Mancini remains upbeat despite derby pressure

 

Even the best managers make mistakes. Within a mile and a few minutes of each other on Friday morning, Roberto Mancini and Sir Alex Ferguson admitted to it, the unspoken corollary being that to do so again before or during this afternoon's potentially epic derby could be costly in the extreme.

Not in terms of unemployment, Mancini insisted, though he would be unwise to depend on that conclusion. The one consolation of Manchester City's elimination from Europe last week, which will cost them money, prestige and a further drop down the Uefa rankings, is that it removes a significant distraction as they attempt to retain the Premier League title. There are many who believe that failure to do so will lead to a change of manager, though Mancini is not among them.

"We went out of the Champions' League and we made some mistakes and I accept all the criticism," he said. "But I think in two years we did a good job because we won three trophies [including the Community Shield] and for us that is important. We have the chance to win more trophies this year. I think in the last two years not many managers won three trophies and if they should sack me…" The sentence was left unfinished.

Having installed two former Barcelona executives in Txiki Begiristain and Ferran Soriano, City could be said to be paving the way for the most important third member of the previous triumvirate, Pep Guardiola, to be reunited with them this summer. Their presence unquestionably makes it all the more certain that the individualistic Jose Mourinho will not be invited; but Mancini insists that he gets on well with Begiristain and will be working with him on any recruitment of players in January.

"He's been here a few weeks now," said Mancini. "He's a good guy and he knows the market very well and we have the same ideas about football. Him, me and Guardiola. I'm joking!"

It is more than 20 years since Ferguson had any cause to use the word "sack" with reference to himself. He was also prepared ahead of today's summit meeting to admit to fallibility, however, in discussing Manchester United's team selection and approach to what became the most decisive fixture of last season's campaign. United went into it three points ahead of their neighbours, just like today, adopted an uncharacteristically negative stance and were punished with deserved defeat.

"I think there was a caution to it, we should have maybe played [Danny] Welbeck," Ferguson said. "But our record in big games with Ji-Sung Park was important. All the big games we always played him and he was always brilliant. But he never quite filled the role in that game." The result was that Wayne Rooney, played as a lone striker, became isolated and United managed barely an attempt on goal all match.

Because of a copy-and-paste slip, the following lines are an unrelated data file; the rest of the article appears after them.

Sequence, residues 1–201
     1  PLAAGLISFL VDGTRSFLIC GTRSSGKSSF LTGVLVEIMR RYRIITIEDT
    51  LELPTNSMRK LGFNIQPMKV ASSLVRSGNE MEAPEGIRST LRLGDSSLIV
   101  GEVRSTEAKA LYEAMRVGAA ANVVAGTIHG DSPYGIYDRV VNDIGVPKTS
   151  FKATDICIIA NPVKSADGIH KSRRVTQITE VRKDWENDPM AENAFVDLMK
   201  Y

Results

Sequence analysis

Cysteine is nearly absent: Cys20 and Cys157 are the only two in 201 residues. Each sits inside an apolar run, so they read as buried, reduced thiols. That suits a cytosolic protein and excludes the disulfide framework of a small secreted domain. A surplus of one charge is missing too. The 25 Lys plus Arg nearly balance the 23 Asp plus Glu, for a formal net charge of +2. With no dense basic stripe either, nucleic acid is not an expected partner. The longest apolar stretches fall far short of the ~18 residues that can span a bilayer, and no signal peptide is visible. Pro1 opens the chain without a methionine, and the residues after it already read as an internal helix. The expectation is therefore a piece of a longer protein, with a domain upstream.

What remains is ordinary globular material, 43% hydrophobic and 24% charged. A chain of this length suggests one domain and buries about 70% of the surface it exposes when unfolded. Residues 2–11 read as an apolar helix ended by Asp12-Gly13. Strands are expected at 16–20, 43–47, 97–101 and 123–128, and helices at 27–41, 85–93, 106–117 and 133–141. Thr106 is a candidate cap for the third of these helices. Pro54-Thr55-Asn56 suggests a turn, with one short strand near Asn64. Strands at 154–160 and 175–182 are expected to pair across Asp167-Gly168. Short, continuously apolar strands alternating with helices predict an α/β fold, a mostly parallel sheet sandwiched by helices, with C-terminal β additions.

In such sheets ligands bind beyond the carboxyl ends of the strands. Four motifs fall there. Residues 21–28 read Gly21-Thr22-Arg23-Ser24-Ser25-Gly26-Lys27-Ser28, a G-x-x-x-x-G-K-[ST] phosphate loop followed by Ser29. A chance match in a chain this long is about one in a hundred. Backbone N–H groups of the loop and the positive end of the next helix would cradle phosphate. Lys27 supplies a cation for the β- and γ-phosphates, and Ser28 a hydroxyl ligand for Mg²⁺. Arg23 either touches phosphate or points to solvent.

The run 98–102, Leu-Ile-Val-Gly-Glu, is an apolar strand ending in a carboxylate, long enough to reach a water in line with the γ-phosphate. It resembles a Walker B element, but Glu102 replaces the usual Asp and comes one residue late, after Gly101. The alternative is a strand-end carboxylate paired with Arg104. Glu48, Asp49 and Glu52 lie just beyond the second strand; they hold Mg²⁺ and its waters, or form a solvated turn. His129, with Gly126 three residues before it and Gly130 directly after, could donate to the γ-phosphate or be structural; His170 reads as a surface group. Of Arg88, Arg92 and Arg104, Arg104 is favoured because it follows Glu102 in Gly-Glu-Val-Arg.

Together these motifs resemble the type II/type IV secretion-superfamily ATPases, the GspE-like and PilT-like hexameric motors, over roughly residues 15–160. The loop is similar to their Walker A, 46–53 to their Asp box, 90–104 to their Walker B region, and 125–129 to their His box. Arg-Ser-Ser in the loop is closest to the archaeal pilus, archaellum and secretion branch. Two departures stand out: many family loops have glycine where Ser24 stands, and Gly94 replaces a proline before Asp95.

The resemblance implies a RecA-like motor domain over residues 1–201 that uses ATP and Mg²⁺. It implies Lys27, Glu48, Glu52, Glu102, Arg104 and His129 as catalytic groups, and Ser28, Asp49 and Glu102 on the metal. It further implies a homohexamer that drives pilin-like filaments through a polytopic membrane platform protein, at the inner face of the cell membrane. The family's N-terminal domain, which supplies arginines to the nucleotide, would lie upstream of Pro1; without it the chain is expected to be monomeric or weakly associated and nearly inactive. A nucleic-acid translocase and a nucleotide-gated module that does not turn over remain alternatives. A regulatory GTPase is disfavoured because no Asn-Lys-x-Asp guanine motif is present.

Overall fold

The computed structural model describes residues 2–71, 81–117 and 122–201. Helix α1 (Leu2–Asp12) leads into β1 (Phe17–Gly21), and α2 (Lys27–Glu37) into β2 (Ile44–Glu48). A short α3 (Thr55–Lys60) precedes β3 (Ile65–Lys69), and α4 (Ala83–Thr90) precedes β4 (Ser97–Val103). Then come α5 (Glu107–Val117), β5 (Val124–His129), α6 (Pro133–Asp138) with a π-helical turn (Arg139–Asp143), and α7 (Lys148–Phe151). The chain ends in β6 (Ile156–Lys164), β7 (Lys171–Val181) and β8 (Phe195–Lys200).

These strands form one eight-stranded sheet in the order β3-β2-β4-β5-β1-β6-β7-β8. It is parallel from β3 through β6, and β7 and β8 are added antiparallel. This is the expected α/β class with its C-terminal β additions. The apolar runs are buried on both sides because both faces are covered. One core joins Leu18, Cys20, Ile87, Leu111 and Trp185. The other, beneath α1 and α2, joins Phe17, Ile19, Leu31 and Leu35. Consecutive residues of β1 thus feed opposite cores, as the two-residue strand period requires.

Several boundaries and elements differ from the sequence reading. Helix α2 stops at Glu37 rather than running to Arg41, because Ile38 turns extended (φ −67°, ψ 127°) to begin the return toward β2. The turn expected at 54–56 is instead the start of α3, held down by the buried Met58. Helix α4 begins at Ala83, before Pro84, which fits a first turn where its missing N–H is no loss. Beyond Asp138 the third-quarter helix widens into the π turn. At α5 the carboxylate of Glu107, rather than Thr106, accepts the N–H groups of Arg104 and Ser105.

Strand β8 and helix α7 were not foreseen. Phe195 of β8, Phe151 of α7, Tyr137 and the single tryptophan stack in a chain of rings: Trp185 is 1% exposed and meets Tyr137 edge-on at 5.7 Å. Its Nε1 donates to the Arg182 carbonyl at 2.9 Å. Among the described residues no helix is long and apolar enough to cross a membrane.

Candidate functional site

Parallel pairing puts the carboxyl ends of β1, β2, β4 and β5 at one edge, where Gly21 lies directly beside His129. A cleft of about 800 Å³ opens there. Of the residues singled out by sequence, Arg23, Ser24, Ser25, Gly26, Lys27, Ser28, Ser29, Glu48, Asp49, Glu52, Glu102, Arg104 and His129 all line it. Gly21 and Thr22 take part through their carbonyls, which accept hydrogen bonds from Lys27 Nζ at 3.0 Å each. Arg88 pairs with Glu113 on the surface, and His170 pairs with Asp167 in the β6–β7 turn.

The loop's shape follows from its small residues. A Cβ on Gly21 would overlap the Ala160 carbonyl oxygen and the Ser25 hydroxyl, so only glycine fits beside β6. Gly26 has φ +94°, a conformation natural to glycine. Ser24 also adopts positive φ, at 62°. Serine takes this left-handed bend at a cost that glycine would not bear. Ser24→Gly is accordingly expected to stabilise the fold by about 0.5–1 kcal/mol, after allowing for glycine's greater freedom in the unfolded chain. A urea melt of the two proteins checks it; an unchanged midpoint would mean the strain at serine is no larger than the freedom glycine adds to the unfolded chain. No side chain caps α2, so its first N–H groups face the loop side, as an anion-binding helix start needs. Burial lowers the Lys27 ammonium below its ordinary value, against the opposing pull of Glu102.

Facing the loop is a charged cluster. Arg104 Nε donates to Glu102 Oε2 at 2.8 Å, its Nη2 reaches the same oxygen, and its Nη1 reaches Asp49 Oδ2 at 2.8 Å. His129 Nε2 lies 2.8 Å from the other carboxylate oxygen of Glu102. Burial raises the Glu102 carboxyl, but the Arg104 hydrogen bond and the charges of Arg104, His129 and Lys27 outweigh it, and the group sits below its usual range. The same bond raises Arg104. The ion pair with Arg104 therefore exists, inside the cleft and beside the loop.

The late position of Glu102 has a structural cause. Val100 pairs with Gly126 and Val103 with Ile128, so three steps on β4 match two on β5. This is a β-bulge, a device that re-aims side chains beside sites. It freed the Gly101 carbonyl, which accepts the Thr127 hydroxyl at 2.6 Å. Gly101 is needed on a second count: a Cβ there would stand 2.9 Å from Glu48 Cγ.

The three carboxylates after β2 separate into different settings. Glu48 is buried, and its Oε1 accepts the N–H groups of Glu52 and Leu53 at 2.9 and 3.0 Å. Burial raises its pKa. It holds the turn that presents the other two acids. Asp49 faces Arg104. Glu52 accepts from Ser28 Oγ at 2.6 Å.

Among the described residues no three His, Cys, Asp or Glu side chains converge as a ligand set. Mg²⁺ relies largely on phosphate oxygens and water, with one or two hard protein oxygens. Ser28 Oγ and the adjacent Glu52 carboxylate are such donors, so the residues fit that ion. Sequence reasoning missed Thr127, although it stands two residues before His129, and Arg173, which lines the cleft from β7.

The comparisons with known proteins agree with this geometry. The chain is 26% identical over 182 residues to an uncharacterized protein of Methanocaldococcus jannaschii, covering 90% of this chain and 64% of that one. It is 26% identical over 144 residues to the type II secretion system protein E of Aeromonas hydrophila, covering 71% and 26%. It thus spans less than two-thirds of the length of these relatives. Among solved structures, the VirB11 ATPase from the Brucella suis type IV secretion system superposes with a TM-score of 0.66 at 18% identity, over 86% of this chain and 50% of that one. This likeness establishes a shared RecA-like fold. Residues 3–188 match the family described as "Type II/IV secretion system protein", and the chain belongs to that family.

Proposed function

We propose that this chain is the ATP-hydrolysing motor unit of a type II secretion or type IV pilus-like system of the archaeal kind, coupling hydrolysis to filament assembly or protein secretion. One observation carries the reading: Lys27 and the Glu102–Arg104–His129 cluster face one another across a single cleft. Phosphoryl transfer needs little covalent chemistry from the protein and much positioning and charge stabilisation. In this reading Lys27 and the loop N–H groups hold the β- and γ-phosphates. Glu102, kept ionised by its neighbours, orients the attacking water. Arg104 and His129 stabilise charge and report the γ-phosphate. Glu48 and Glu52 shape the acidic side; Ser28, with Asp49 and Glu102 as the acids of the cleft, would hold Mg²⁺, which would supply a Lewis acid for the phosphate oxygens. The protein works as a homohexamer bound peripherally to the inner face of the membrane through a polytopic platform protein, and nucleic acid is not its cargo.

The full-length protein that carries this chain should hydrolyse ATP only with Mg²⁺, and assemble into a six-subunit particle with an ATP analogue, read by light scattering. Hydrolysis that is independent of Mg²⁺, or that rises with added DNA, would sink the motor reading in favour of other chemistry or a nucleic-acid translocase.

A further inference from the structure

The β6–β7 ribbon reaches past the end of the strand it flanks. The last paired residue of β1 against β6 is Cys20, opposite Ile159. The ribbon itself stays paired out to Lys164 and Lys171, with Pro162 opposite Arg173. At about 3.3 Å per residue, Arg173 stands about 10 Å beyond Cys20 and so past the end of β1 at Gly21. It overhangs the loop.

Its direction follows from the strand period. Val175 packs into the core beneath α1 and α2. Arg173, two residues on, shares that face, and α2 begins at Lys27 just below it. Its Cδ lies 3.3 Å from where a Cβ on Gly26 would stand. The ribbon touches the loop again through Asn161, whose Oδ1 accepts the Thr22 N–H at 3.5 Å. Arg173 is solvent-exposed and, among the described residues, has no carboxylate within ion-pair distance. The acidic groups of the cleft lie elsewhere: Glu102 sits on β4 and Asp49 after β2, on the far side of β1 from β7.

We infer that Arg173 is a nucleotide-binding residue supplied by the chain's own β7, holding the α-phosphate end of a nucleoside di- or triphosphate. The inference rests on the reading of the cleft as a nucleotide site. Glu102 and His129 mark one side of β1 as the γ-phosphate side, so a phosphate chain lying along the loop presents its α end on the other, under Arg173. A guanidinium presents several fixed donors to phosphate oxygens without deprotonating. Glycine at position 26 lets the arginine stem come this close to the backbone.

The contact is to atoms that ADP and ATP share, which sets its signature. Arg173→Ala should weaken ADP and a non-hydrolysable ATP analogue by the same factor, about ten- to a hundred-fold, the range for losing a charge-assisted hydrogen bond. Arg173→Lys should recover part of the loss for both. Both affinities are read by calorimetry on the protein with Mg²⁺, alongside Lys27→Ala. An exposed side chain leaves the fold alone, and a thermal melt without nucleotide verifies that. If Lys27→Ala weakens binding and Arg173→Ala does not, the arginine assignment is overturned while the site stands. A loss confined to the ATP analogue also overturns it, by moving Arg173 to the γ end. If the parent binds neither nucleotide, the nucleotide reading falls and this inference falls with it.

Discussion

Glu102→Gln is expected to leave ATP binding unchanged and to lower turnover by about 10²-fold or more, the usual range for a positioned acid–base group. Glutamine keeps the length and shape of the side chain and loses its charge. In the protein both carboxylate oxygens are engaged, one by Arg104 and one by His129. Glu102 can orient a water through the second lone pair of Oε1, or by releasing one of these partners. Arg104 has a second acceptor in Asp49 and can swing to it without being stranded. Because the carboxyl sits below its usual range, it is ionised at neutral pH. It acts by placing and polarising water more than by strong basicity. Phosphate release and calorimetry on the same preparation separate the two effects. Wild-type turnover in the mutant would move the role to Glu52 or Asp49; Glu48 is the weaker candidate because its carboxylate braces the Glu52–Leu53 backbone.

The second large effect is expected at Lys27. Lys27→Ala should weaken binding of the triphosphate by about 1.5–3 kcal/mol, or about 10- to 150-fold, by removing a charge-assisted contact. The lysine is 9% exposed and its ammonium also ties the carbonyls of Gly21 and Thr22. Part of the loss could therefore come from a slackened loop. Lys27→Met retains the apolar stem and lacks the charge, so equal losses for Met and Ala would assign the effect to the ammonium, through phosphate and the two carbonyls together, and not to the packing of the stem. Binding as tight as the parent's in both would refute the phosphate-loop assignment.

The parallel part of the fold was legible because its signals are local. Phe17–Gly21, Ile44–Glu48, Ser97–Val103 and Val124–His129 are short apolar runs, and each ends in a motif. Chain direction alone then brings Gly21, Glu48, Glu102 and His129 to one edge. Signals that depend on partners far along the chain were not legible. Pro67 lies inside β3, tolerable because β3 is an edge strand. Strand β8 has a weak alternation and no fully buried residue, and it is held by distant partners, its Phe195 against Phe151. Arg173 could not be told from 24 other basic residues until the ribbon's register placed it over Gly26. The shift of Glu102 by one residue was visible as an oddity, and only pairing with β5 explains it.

Viewers watching in some 200 countries today will hope the lesson was learnt and that a more compellingly open contest results. Yaya Touré's return in midfield reinstates a weapon City badly lacked in Dortmund last Tuesday and, if David Silva is fit enough, eight big attackers will be available to the two managers.

Ferguson hinted he could pick three of his, for with Antonio Valencia and Nani missing, he needs one of them out wide. "Looking at who I can play in the wide position might be a problem. But with Robin van Persie up front and Chicharito [Hernandez], we've got Welbeck who could play wide, that's a definite option. Maybe Chicharito too. I'm not short of players, I've got a good squad, I'll maybe go for experience and try to work around that."

Come in Paul Scholes, then, the midfielder having appeared against Cluj in midweek only because Tom Cleverley went off injured. Most of the others left out in midweek can expect to return, Ferguson already having demanded that his senior players step up to the plate to improve one of the worst defensive records of his long tenure.

Goalkeeper is an interesting selection too, the hint being that Anders Lindegaard, the older man, has done enough in his recent appearances to keep out David de Gea.

Neutrals around the world would just like to see both him and City's Joe Hart given plenty of work this afternoon.

Fergie's derby landmarks

His first 10 January 1987: United 1 City 0 (FA Cup third round)

Appointed two months earlier, Alex Ferguson was given his first shot at City in the FA Cup, which was won by Norman Whiteside's goal. He won his first League derby 2-0, again at home, two months later, pushing City closer to relegation; they came 21st.

His worst 23 October 2011: United 1 City 6 (Premier League)

"It's the worst result in my history, ever. Even as a player I don't think I ever lost 6-1," Ferguson lamented after a staggering Sunday. City ran in three late goals on the counterattack after Jonny Evans was sent off.

His best 10 November 1994: United 5 City 0 (Premier League)

Still Ferguson's biggest win in his 45 derbies, in front of a modest crowd of under 44,000. Brian Horton was the latest City manager trying his luck but Andrei Kanchelskis scored a hat-trick and Cantona turned it on.

His record P45 W25 D10 L10

Steve Tongue

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